14:08: Gene polymorphisms regulate our phenotype—including features such as eye and hair color. But they also regulate our risk of diseases; and the type/amount of certain foods we should take in or avoid.
15:05: Clinical trials in nutrition are often not done adequately, Patrick said. This is because of cost, and the heterogeneity of the population.
16:41: Heterocyclic amines, chemicals formed when you cook meat at a really high temperature, are shown to be carcinogenic in mice studies and linked to an increased cancer risk in humans in epidemiological studies. Some people have a gene polymorphism that does not allow them to inactivate the HCAs quickly, and the build-up can form a carcinogen.
18:51: More nutritional studies are needed because “There’s a very complex interaction between genes and diet.”
19:18: More and more physicians are becoming aware of nutrigenomics as patients bring it to their attention, armed with data from gene tests such as 23andMe.
20:33: Commercial break: STEM-Talk is an educational service of the Florida Institute for Human and Machine Cognition, a not-for-profit research lab pioneering ground-breaking technologies aimed at leveraging human cognition, perception, locomotion and resilience.
21:00: Patrick has had her own DNA polymorphisms sequenced by 23andMe. She takes supplements and avoids certain foods based on this knowledge.
22:50: Diet/lifestyle/stress can alter gene expression, which can carry over to the sperm/egg DNA and be passed onto offspring.
24:17: An Australian study published in Nature showed that obese, insulin-resistant mice on high inflammatory diets had female offspring, who despite being fed normal diets and having lean bodies, developed Type I diabetes.
25:40: The Journal of Cell Metabolism published a paper comparing methyl groups of obese males versus lean ones. When the obese males lost weight, there were changes in their epigenetic markers that control hunger hormones.
27:20: While bad diets affect your disease risk and that of your offspring, “You can make a change,” Patrick said. “If you’re obese, overweight, eating a terrible diet, it’s not too late.”
28:30: Unique gene signatures occur at various ages. Researchers can look at a blood cell and tell a person’s age within a few years.
29:30: Environmental factors affect the epigenetic markers that affect the genes controlling metabolism, DNA repair, new stem cell production. Certain diet/lifestyle factors can positively affect those genes.
30:44: Lifestyle factors such as exercise, sleep, a good diet high in micro-nutrients/low in refined carbs, and low stress likely affect changes at the epigenetic level. “More and more scientists are beginning to study this and will be able to tease it apart.”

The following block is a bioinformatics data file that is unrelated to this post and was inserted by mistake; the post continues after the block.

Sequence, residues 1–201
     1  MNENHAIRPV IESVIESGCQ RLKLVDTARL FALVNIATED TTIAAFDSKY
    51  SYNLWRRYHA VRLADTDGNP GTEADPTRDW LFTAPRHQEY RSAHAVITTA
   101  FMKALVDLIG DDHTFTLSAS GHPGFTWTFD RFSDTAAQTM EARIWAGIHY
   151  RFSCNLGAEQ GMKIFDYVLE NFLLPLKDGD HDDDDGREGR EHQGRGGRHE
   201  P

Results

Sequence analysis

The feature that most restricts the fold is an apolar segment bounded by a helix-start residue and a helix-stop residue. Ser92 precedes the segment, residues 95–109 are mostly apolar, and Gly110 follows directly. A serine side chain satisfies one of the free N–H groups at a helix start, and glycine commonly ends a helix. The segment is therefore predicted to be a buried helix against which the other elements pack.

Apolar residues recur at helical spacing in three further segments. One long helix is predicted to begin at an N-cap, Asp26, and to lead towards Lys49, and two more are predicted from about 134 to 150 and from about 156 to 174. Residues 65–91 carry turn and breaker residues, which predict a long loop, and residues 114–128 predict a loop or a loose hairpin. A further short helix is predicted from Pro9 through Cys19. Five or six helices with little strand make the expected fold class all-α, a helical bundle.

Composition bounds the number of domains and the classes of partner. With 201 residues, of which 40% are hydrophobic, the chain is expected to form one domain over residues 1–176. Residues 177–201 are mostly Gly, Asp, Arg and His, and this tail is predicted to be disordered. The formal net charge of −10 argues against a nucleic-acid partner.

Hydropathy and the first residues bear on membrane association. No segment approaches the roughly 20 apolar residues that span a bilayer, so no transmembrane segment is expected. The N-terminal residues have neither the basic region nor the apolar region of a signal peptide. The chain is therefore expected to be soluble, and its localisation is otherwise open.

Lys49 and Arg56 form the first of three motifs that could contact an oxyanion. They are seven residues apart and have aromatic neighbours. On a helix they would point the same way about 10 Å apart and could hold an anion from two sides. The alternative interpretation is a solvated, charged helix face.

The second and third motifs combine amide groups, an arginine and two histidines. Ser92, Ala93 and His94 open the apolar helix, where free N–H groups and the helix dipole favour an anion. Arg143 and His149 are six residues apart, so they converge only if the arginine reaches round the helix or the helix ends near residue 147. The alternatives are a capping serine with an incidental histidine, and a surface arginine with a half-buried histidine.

32:16: When you heat shock an organism you activate genes involved in stress resistance.
33:17: Some of the benefits of exercise come from heat shocking the body. One Finnish study showed that men who regularly used the sauna had lower all-cause mortality. Other studies have shown that mice, flies, and worms can increase their lifespan by 15-20 percent.
34:39: Heat stress increases the brain-derived neurotropic factor, which is important for growing new neurons; maintaining neurons; and strengthening the synapses between neurons.
35:20: Exercise and sauna together have a synergistic effect. May positively affect your brain.
35:33: Ford notes that wrestlers, boxers and other athletes sometimes use sauna to elevate their heart rate. Sauna use also seemed to help with recovery.
36:51: Commercial break: STEM-Talk is an educational service of the Florida Institute for Human and Machine Cognition, a not-for-profit research lab pioneering ground-breaking technologies aimed at leveraging human cognition, perception, locomotion and resilience.
38:40: Vitamin D is important for making serotonin in the brain, and for early brain development. It helps shape the structure of the brain, guides neurons to the right place and ensures that the right type of neurons develop.
39:33: The developing fetus depends on maternal levels of Vitamin D. Deficient levels might alter brain development and lead to conditions like autism.
40:19: Serotonin plays a well-known role in mood alteration; it also affects impulse control, long-term thinking, planning and memory.
42:15: Many people have polymorphisms in serotonin-related genes, including Patrick herself. These polymorphisms, coupled with deficient Vitamin D intake, can be a “double whammy” for people.
43:11: “It is possible that this complex interaction between serotonin and Vitamin D may make a huge difference in peoples’ lives that are Vitamin D deficient.”